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January 31, 2018updated 12 Jul 2022 11:09am

How can data centres cater for cryptocurrency miners?

Jon Leppard looks into how consolidation can help with the unique opportunities and challenges posed by cryptocurrency mining.

By Ellie Burns

Since the launch of Bitcoin in 2009, cryptocurrencies and blockchain, the promising technology that underpins them, have undergone a steady rise in prominence and popularity. The last few months in particular have seen cryptocurrencies pervade the public consciousness, which has resulted in a surge of investment in Bitcoin and other virtual currencies such as Ethereum, Litecoin and Ripple (XRP).

As these cryptocurrencies continue to mature, the process for creating new coins (known as ‘mining’) has become more complex. This has seen miners shift away from the use of decentralised computer networks to generate cryptocurrency, and given rise to the use of specialised hardware grouped in a single location. Consequently, cryptocurrency mining infrastructure is developing into a specialist but potentially profitable offering for data centre providers.

Whilst some cryptocurrency mining takes place in specialised facilities, some miners also choose to make use of colocation providers and managed services. Both approaches create a very particular set of challenges for data centre operators aiming to optimise the performance of cryptocurrency mining hardware.

For custom mining facilities, the challenge lies in minimising the astronomical (and ever increasing) cost of the mining process through effective capacity management and cooling, whilst colocation providers will face the additional task of balancing this alongside the demands of traditional, mission-critical infrastructure clients. However, given the promising nature of blockchain technology and its myriad potential future use cases, DC operators that are able to solve this particular conundrum early could reap the benefits in the long term.

Facilitate a winning mentality

Balancing the cost of cryptocurrency mining to achieve a profitable outcome is no easy task, because the algorithm that must be solved to process transactions and create new coins is constantly becoming more complex. As a result, the capacity demands and energy costs of cryptocurrency transactions far surpass those of traditional payment networks. Whilst the value of cryptos continues to rise, this is not necessarily an issue – but what happens if it falls?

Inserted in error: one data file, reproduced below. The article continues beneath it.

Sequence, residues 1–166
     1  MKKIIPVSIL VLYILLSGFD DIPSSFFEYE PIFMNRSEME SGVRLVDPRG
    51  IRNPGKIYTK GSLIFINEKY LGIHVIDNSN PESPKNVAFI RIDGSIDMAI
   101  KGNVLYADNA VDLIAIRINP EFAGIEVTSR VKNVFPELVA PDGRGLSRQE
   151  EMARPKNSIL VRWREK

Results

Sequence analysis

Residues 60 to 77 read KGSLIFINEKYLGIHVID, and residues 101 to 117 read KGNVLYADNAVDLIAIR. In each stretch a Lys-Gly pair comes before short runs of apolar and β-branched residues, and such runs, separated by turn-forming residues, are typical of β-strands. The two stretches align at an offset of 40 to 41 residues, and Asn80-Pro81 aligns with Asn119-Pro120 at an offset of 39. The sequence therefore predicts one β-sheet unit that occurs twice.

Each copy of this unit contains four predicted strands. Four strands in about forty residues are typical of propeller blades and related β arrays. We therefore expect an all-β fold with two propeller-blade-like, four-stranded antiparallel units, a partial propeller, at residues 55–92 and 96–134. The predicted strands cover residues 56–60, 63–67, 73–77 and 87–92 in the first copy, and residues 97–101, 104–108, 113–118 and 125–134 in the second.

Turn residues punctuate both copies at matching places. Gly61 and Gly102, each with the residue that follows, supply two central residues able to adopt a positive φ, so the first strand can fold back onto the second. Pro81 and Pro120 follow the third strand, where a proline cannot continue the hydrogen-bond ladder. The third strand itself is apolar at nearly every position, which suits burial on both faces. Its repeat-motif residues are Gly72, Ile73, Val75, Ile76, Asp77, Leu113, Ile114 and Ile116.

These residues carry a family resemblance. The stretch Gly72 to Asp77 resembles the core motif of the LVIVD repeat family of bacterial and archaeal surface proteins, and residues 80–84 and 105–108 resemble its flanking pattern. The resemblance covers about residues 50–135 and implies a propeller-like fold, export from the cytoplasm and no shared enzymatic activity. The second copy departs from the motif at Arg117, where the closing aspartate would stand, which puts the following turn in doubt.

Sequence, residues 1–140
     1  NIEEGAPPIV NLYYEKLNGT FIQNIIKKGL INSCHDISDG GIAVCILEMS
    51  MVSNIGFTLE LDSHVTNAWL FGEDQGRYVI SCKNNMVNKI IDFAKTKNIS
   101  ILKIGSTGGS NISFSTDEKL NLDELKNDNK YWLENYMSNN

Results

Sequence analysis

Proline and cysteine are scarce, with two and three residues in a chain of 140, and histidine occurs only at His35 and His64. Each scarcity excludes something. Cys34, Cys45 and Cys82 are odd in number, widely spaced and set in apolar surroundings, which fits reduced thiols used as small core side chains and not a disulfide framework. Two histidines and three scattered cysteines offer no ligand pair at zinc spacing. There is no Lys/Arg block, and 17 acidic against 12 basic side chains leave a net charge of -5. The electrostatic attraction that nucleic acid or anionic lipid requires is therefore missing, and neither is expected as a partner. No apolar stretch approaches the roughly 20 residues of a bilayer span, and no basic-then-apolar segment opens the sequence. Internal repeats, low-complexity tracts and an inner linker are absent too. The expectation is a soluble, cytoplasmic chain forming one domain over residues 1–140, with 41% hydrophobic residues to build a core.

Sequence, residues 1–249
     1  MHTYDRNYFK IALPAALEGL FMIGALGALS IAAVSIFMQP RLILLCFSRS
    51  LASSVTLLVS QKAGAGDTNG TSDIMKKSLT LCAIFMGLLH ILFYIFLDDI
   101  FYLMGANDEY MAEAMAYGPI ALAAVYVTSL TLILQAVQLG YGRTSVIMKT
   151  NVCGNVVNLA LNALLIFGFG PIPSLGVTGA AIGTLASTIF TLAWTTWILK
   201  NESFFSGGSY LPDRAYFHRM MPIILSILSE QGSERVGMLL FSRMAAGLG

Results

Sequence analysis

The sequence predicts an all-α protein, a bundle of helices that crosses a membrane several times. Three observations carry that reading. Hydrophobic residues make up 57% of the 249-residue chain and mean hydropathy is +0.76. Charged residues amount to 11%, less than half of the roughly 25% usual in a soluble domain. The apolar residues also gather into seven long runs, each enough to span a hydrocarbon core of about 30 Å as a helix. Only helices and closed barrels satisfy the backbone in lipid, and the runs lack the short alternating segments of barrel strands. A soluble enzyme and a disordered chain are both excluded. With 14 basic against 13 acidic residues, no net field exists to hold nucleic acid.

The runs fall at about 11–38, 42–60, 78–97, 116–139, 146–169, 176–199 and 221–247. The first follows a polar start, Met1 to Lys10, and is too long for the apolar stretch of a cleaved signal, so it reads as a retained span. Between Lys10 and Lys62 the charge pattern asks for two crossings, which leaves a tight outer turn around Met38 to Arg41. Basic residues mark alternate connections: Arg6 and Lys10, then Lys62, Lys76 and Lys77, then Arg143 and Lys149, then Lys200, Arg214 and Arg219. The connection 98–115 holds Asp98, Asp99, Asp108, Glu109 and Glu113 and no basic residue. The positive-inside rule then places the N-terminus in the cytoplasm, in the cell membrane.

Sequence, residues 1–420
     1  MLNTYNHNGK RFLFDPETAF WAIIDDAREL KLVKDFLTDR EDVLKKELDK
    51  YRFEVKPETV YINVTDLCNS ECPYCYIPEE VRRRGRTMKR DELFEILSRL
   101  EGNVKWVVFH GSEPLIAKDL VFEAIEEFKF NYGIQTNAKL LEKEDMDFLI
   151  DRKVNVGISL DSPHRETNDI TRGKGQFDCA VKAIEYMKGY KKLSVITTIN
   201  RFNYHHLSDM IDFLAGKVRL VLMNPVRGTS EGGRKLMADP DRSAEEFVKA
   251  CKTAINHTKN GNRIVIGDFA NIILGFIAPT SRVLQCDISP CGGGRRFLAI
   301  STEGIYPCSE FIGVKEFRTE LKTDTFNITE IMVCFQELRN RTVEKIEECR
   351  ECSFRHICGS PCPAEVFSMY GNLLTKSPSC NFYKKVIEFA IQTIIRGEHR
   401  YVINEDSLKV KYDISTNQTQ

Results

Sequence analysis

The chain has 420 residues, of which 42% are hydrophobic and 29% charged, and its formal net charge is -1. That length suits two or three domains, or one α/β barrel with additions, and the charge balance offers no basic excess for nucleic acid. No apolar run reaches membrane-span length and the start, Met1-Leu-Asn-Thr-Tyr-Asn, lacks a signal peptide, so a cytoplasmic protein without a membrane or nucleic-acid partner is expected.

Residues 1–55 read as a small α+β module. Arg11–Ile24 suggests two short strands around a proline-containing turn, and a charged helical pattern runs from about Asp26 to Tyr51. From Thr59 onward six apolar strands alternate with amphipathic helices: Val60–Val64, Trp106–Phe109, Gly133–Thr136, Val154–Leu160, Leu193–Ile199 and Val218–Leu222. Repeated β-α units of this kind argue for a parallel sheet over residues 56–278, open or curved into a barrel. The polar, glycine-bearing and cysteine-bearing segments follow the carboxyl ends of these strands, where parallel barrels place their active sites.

In this situation, it comes down to the mentality of the miner. Some may choose to continue mining ‘at a loss’ in the hope that the cryptocurrency value bounces back, whilst others may choose to scale mining up or down almost ‘on the fly’. Either way, data centre operators must be able to predict the impact of scaling resources up or down when required, in order to avoid unnecessary expenditure on over-provision of capacity and to minimise the risk of failure scenarios.

Failure scenarios, and in particular the costs associated with specialised cooling, pose another pertinent question. Given the extremely short lifespan of mining hardware (often months or even weeks) miners must make a decision as to whether the energy costs of cooling are worthwhile, or whether a ‘rip and replace’ mentality should be adopted regarding hardware.

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This is also partly dependent on the value of cryptocurrency at a particular point in time. If the value were to fall, frequent expenditure on upgraded hardware could become unsustainable. Either way, data centre managers must be able to effectively predict cooling and power requirements for each iteration of hardware, in order for miners to make an educated decision regarding their preferred mining strategy.


Consider the miner details

For colocation providers that choose to sell space in their existing data centres to cryptocurrency miners, the considerations extend even further. Given the aforementioned differences between crypto mining hardware and mission critical servers, areas of the data centre used for mining will require special adaptations.

The introduction of new hardware into the DC environment is not dissimilar to a data centre consolidation project, so a similar principle applies. Data centre operators must be able to predict the impact that the introduction of new hardware to an existing data centre environment will have. Any potential issues must then be offset through processes such as installing containment, changing airflow and temperature set points, or upgrading cooling infrastructure.

To plan for this effectively, data centre operators must be able to predict the impact that the introduction of mining hardware will have on the data centre environment, because the cost of experimenting via trial-and error would be much too expensive and risky. In this situation, engineering simulation technology can prove its worth.

Using data centre management software with engineering simulation functionality provides a safe, offline environment to test any potential change to the DC environment without fear of potential consequences. Specifically, 3D modelling used to represent the data centre, in conjunction with power system simulation (PSS), and computational fluid dynamics (CFD) to predict cooling, can be used to ensure that cryptocurrency mining hardware transfers seamlessly into an existing data centre without adversely affecting other applications.

Blockchain is still very much a technology in its infancy, and as such will likely be subject to a rapid pace of evolution and a number of iterations before levelling out. But, when armed with the right tools, facilities providers should be able to adapt to these changes in such a way as to offer an effective and mutually profitable service to the technology’s pioneers.

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